If you haven't been to Arlington Cemetery in the last several years, you may not recognize the memorial shown above. It is the "Women in Military Service for America" memorial and it stands near the gate of the cemetery.
The women's memorial is intended to recall all women who gave their lives in military service. But there's one group of servicewomen who were nearly forgotten by the Government with respect to recognition. That group is the Women's Airforce Service Pilots ("WASPs") of World War II. These were the first women pilots employed by the United States military.
The government first used women to fly military airplanes in 1942. The Women's Auxiliary Ferrying Squadron (WAFS) was formed in September of that year under the command of Nancy Love at New Castle Army Air Base, Delaware. This unit ferried aircraft from factories to airfields, freeing the male pilots for combat duty.
In 1943, the Army activated the 319th Women's Flying Training Detahcment at Ellington Army Air Field, near Houston, Texas. The commander was renowned aviator Jacqueline Cochran. Later, the two women's flying units were combined under the name "Women's Airforce Service Pilots." Cochran was given overall command, and training was moved to Avenger Field near Sweetwater, Texas.
The women pilots flew almost every military aircraft in the U.S. inventory. In addition to ferrying duty, the WASPs towed targets for live-fire antiaircraft exercises, trained male pilots in some of the advanced aircraft, flew simulated bomb and strafing runs for training combat troops, and performed other flying duties when and where necessary to relieve male pilots.
On March 3, 1943, Margaret Sanford Oldenberg of Contra Costa County, California, became the first WASP to die in the line of duty when her plane crashed five miles from the airfield. Overall, thirty-eight women were killed in the line of duty.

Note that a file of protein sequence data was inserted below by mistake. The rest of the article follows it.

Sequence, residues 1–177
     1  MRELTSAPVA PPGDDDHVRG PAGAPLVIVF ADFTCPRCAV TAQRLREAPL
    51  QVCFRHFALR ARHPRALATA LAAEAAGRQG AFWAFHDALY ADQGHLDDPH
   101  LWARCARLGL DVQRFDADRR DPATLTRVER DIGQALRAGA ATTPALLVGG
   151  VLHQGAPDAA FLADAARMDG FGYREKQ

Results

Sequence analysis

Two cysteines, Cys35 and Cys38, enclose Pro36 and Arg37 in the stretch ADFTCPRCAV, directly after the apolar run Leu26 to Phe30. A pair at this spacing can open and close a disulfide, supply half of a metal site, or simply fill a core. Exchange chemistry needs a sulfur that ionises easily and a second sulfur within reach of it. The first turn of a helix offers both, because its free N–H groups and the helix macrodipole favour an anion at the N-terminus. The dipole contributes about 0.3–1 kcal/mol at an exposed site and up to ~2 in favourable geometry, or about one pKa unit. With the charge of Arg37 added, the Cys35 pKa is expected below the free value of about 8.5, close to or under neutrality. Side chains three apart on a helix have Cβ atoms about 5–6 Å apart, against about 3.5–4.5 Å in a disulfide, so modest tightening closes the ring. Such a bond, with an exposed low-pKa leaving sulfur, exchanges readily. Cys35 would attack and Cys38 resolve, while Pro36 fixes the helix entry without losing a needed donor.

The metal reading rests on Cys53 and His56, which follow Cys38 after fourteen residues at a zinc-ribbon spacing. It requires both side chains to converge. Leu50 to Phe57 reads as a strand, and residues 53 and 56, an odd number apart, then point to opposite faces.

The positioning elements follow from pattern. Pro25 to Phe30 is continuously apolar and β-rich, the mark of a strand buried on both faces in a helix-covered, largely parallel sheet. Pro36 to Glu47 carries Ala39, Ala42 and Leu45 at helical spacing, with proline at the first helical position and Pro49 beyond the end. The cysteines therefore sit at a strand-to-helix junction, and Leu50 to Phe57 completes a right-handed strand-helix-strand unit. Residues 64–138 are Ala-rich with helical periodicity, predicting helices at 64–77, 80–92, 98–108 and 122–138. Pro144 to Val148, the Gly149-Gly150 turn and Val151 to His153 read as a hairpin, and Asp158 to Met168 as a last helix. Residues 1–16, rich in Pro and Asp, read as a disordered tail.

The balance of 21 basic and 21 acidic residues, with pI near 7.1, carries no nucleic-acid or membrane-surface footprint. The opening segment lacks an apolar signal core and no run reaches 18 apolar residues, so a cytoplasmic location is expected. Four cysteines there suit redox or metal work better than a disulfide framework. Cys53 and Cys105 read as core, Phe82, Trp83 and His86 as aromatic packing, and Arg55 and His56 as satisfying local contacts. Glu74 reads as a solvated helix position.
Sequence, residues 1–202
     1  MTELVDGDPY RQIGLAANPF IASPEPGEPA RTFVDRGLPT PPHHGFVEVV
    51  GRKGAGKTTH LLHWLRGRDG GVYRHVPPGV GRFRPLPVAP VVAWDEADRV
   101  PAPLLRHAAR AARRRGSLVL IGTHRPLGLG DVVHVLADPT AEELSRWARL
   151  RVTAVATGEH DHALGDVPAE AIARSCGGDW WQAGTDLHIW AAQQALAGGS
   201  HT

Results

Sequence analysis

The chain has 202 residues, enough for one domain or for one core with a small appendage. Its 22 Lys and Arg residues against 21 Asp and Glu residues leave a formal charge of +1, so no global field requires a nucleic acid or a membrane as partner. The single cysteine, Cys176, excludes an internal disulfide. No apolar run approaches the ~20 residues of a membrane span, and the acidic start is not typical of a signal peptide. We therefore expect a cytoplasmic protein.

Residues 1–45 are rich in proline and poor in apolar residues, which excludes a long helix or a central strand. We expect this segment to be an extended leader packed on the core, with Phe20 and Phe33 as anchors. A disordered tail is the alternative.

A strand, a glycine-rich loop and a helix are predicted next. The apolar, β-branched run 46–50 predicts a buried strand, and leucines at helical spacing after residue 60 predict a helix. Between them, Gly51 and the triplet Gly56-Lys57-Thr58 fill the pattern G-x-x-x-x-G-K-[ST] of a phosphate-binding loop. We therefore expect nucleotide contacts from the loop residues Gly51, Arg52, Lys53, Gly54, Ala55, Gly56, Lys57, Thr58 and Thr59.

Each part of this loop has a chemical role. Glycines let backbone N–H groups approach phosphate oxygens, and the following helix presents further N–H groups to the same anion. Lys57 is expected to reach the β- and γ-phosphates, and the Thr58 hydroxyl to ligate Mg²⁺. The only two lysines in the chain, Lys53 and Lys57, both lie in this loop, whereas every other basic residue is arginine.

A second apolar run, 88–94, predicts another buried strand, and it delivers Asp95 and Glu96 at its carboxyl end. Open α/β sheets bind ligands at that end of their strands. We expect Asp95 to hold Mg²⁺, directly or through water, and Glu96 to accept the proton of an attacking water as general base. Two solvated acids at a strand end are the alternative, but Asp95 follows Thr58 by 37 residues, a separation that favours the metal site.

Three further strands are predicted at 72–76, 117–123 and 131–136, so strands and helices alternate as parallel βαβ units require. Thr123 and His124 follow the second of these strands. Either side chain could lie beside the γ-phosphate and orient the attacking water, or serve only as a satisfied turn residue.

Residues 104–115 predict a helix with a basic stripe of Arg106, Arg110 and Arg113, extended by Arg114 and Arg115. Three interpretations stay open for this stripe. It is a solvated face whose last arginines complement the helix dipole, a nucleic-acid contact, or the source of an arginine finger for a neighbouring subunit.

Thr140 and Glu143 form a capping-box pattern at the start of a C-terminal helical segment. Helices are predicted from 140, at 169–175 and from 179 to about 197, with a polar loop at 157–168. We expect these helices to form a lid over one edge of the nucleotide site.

But the Government did not consider the WASPs to be service veterans. They were therefore entitled to no medals, and no funeral honors. That changed somewhat in 1977 when Congress passed a law permitting the Secretary of Dfense to recognize the WASPs as having performed military duty. Despite this change in status, the Army, which operates Arlington National Cemetery, refused to allow WASP members to be buried there until 2002.
In 2002, former WASP Irene Kinne Englund died at age 84. Her family attempted to have her buried at Arlington based on her WASP service. They were told that she eligible, but onl;y because her husband was a World War II veteran, not because of her own service. Her daughter, Judith Englund, took up the cause for her mother and all WASPs. Several months later, the Army changed its mind.
One June 15, 2002, WASP Irene Kinne Englund became the first of her sisters of the air to have a full military funeral at Arlington.
Cross-posted at Geneablogie.